Private equity managers raise R29bn in 2015

June 29, 2016


Only a small percentage earmarked for start-ups.

Private equity fund managers raised R29 billion in 2015, up significantly from the previous year’s R11.8 billion.

According to the Savca 2016 Private Equity Industry Survey, this is the highest number on record and includes funds raised for investments in South Africa as well as those with geographic mandates that include South Africa. While the US and UK remain large investors, 76% of the funds raised were from South African sources.

Assets under management in the South African private equity industry grew by R15 billion year-on-year to reach R165 billion by the end of last year.

This is the result of funds raised as well as growth in the value of the underlying assets, Southern African Venture Capital and Private Equity Association (Savca) CEO, Erika van der Merwe, explains.

Private equity is a long-term, alternative asset class where fund managers raise third-party funds from various classes of investors to buy assets that are predominantly privately held.

The growth was achieved against a backdrop of a depreciating local currency, threats of a ratings downgrade and heightened political risk.

But Dave Stadler, chairperson of Savca, says it is important to bear in mind that the period to raise funds and interact with investors might start two to three years earlier.

Moreover, a lot of the investors have already invested with the private equity fund manager who is raising funds for a second, third or even fifth or sixth fund.

“So they have that track record and experience with the particular private equity fund manager,” he says.

Where investors do “come in cold” they tend to consider the experience of other foreign investors and their experience with the private equity fund managers.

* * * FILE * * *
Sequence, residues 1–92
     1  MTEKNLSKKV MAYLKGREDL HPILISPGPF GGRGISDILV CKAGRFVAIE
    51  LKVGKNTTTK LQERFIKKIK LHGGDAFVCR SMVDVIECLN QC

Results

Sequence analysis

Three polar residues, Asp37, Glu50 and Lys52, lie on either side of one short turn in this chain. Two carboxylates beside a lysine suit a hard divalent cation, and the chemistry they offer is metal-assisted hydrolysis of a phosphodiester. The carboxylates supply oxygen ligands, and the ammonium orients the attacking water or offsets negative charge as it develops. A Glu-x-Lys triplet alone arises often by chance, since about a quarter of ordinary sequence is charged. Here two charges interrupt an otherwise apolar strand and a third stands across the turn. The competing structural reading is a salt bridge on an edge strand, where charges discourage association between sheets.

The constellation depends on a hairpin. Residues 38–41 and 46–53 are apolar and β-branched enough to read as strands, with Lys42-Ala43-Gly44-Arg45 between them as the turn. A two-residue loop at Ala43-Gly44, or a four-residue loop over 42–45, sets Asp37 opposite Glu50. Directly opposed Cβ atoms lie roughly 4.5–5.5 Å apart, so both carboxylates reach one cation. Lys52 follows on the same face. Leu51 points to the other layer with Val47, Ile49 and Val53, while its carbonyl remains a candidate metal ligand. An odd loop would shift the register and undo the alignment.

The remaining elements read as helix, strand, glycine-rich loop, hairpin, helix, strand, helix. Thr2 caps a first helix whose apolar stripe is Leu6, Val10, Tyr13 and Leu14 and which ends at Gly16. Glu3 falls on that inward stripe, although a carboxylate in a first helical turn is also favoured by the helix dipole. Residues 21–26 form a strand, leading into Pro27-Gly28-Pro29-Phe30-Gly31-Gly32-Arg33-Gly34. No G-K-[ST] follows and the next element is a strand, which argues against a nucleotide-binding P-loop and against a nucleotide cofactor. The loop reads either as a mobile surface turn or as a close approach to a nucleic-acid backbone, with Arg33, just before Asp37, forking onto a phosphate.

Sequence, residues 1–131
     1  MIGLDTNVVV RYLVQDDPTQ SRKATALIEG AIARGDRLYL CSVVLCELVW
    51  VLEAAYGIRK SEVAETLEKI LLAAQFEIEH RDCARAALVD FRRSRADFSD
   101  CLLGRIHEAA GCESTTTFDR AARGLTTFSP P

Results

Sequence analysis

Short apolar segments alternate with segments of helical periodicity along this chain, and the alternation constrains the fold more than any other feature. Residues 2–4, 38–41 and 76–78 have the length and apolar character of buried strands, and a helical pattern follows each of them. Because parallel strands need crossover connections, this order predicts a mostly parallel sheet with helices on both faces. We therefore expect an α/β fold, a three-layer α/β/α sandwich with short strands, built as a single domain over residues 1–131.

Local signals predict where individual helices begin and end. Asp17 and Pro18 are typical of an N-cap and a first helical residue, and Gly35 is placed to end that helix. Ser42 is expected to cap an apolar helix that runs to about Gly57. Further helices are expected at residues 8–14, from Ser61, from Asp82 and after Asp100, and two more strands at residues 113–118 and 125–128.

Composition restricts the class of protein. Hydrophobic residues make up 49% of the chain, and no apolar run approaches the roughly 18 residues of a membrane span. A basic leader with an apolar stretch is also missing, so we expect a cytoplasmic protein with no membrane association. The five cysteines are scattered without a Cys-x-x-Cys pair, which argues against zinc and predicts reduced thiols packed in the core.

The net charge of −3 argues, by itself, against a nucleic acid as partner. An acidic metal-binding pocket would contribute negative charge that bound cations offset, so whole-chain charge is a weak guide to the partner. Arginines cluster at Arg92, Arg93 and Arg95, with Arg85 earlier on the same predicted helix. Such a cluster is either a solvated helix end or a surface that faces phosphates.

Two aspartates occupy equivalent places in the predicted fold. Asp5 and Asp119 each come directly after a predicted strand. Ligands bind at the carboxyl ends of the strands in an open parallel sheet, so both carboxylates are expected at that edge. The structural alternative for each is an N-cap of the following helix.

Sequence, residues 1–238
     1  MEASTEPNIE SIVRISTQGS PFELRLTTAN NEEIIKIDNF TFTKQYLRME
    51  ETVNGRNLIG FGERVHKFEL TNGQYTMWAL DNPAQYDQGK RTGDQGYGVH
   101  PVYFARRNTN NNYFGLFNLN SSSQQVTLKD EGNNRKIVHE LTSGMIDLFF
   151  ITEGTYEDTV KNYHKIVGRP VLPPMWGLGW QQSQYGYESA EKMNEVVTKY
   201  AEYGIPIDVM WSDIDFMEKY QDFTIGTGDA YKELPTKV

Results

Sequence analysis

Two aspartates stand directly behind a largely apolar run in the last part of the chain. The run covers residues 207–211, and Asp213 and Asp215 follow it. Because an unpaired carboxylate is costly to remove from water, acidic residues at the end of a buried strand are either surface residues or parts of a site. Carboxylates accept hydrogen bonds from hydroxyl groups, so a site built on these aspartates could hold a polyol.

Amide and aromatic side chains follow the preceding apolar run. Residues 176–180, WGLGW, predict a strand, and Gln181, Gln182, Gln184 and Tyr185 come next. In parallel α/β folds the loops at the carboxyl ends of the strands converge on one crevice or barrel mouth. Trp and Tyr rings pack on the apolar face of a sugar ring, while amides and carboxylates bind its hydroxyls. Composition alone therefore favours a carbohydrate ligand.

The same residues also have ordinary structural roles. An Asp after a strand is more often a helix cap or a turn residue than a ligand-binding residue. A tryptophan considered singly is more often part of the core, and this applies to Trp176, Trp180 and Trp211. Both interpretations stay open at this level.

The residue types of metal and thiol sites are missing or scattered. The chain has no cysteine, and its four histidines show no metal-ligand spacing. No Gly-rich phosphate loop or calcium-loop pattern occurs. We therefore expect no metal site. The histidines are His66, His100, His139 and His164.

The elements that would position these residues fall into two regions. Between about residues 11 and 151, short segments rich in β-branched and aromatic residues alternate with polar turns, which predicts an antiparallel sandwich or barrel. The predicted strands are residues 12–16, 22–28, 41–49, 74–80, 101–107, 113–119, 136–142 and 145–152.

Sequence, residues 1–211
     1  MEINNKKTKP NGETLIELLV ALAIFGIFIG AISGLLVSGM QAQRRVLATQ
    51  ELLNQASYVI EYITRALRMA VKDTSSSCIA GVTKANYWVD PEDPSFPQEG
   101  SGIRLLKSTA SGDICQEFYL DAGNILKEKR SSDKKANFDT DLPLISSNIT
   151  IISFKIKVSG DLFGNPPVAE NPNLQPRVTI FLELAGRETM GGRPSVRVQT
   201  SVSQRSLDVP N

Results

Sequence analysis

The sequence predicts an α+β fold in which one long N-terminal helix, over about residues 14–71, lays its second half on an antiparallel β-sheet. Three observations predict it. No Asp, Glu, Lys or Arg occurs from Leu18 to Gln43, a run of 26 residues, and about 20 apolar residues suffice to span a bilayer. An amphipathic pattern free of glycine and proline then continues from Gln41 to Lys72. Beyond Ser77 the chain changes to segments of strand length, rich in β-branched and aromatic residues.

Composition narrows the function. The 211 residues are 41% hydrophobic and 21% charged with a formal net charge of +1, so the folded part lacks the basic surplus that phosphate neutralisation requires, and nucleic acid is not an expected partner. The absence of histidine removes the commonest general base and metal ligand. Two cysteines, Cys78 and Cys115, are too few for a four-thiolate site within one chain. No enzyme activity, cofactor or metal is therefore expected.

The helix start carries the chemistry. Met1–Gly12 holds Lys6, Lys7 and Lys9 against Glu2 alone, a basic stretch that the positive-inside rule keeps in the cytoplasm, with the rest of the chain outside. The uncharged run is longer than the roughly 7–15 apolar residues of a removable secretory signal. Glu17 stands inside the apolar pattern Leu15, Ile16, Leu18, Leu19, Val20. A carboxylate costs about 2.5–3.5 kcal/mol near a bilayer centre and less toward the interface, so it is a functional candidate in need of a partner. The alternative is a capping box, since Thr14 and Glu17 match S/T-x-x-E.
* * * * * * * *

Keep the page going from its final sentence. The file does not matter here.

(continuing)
Michael Rudnicki, head of private equity markets at KPMG, says he expects that the percentage of funds raised offshore will change dramatically in the next couple of years and that at least half the funds will originate offshore, especially against a backdrop of the significant economic growth expected in certain parts of Africa.

“There is a huge amount of interest because there is growth,” he says.

But although there is not a lack of funds for private equity investment, it is often difficult to find the right partner, Rudnicki says.

“The money is there but to find the deals is a difficult thing to do.”

The bulk of funds raised (95.9% of the R29 billion) during 2015 is for late-stage investments (established businesses with a track record), with only a small fraction earmarked for early-stage investments.

While venture capital is a subset of private equity, there are often considerable differences between the two categories. One of the distinctions is that venture capital firms tend to invest in early stage or start-up firms whereas private equity groups typically focus on established firms with a proven track record.

Van der Merwe says as far as they know there is hardly any institutional allocation to venture capital. As a result these businesses are very reliant on angel investors or family offices.

One exception was a recent announcement by tech venture capital fund 4DI that it has raised institutional money.

Van der Merwe says their view is that pension funds probably still have less than 1% allocated to the private equity asset class.

Regulation 28 of the Pension Funds Act allows pension funds to allocate up to 10% of their assets to private equity from an earlier 2.5%, but the asset class is a difficult sell because of its long-term and illiquid nature (typically the investment is locked in for ten years). Venture capital investments have the added risk that only a very small percentage of businesses succeed.

“When you invest in VC [venture capital] you are investing in a potential project that might yield results,” Rudnicki says.

He says private equity firms want to see the track record of the business and ensure that strong management teams are in place whereas venture capital are effectively betting on potential opportunities.

Therefore it is highly unlikely that pension funds will want to invest in venture capital opportunities.

Despite the hiccups around the global financial crisis, the private equity industry has reported a steady 12% compound annual growth since 1999, Van der Merwe adds.

Savca, along with research partner KPMG South Africa, surveyed 72 managers (representing 82 funds) with a mandate to invest in South Africa and other African markets. This research information was supplemented through alternative sources for a further 10 managers representing 18 funds. Source: Money Web